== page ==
Some of the better waves I had over the weekend were on my back hand – you know that I like lefts – but some of the better waves I had were going right. They were really fast but evenly paced and I took off and I just did three of the best backhand turns I have done in a row in a while. I don’t know that I would been able to do that with, for example, the Lost RV [See the RV review…], which is a great small wave groveler or the Bottom Feeder [See Bottom Feeder review…] or many other groveler boards out there like the Cab Sav by Nick Blair [See the Cab Sav review…]. There are many great shapes out that that I like to categorise in the same arena as this Puddle Jumper, but this one really, really clicked with me.
Now the other nice thing about it is it handles size better than most boards I’ve surfed with this big wide outline. I have taken out in overhead surf and again, it’s so sensitive. It’s really feels like you’re riding a pointy nose performance, small wave hybrid; a more performance small wave shortboard.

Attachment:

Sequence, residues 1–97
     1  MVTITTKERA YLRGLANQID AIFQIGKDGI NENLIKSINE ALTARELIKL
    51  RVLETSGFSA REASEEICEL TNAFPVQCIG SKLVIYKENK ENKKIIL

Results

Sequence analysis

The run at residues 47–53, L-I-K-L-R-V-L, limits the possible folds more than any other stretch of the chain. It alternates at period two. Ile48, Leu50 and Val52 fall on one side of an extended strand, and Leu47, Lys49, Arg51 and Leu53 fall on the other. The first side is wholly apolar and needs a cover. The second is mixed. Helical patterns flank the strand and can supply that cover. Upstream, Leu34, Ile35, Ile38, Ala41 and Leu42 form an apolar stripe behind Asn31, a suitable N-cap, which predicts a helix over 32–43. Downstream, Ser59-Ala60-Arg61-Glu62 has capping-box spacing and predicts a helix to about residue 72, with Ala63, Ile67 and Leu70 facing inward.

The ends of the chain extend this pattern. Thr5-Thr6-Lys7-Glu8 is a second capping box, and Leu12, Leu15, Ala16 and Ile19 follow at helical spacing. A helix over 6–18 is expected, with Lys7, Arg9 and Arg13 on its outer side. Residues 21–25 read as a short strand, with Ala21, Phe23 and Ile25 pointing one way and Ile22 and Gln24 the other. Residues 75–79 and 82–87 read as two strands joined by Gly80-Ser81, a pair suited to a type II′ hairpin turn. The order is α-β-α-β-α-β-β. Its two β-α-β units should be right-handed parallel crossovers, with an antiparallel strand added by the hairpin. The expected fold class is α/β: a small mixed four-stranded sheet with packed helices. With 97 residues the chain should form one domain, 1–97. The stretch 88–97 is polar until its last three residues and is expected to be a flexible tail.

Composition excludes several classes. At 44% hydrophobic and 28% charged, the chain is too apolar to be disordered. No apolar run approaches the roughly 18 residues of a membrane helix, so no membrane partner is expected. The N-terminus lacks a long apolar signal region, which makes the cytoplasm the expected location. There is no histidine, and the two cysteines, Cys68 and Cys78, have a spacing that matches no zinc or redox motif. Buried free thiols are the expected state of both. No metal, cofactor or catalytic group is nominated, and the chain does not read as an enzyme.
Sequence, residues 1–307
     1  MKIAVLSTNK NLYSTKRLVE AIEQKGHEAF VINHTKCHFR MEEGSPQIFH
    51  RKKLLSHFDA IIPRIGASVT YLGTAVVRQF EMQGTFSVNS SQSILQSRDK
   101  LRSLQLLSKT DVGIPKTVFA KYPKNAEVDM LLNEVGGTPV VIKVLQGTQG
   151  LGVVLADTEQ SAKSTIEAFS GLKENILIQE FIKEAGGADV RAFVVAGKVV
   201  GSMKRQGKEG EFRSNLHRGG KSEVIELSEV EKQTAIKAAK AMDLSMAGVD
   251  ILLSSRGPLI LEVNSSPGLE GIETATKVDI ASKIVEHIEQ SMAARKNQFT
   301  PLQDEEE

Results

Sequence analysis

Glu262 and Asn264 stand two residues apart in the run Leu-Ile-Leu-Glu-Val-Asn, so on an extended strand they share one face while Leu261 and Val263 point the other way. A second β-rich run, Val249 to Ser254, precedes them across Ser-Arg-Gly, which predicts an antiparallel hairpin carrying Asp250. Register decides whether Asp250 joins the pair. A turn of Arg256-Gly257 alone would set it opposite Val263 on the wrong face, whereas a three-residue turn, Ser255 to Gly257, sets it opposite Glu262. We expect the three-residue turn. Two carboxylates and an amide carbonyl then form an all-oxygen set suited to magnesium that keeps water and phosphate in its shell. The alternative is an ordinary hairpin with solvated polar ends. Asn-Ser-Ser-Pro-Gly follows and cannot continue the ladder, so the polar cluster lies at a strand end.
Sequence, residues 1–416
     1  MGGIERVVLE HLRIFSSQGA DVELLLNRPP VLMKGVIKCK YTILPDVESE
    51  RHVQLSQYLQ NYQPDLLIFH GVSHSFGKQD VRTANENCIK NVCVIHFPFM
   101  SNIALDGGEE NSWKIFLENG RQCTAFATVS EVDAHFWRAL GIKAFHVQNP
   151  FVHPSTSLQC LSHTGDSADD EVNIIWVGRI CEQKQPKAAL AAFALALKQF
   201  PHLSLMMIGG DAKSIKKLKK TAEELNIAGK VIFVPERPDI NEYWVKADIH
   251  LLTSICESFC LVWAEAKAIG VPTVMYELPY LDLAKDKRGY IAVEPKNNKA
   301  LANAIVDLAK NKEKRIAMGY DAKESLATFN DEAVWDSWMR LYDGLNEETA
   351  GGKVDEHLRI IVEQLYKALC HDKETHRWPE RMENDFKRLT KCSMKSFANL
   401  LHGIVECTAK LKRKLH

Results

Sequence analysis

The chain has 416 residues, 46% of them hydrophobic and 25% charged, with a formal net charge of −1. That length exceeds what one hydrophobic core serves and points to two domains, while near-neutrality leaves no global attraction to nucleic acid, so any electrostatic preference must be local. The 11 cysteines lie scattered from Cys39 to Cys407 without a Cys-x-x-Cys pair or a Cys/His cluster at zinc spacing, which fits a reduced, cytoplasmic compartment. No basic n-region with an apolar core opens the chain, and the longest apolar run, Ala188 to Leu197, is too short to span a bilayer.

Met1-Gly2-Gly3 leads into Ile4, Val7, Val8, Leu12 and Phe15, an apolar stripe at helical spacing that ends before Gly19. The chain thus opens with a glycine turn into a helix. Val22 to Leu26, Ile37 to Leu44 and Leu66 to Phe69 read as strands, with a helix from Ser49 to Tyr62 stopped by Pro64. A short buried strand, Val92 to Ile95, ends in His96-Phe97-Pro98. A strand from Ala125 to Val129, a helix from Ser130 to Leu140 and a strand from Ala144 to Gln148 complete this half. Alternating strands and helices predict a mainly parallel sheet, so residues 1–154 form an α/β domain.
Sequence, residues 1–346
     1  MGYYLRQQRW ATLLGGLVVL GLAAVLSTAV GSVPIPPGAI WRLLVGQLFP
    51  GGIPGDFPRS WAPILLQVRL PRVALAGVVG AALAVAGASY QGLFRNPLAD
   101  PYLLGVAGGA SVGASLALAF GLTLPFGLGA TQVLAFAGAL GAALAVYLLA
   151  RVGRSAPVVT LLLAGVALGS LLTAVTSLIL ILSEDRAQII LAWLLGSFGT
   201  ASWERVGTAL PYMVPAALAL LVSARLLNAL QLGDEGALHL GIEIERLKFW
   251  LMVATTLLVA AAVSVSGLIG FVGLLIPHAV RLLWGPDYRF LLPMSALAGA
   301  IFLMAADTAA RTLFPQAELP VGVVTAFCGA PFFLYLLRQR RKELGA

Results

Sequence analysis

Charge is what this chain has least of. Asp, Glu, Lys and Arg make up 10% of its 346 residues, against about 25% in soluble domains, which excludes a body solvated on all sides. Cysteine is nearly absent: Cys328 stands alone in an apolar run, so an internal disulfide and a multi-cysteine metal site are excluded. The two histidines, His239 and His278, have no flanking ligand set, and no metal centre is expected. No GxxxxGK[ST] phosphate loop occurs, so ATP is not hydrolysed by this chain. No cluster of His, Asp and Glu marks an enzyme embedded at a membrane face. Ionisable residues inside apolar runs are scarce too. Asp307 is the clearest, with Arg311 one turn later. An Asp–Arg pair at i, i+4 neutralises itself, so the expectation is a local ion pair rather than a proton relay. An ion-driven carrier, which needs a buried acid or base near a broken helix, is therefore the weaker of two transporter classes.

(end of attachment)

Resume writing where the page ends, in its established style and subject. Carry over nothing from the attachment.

“This Lost Puddle Jumper really blows me away.”
There are a few design aspects that are very different about this board in contrast to a couple of those Lost Surfboards I just mentioned. The Bottom Feeder, the RV, the whole domesticated class of boards that Lost makes have a very specific bottom contour and they’re meant to be kind of fun, flowy riding small wave boards. This has a concave running the length of the board, which then vees off at the tail. More of an all rounder bottom contour of choice and I think that probably helps it to perform the way it does. While it does have this wider outline, again, that bottom contour I think does very much help this board to perform.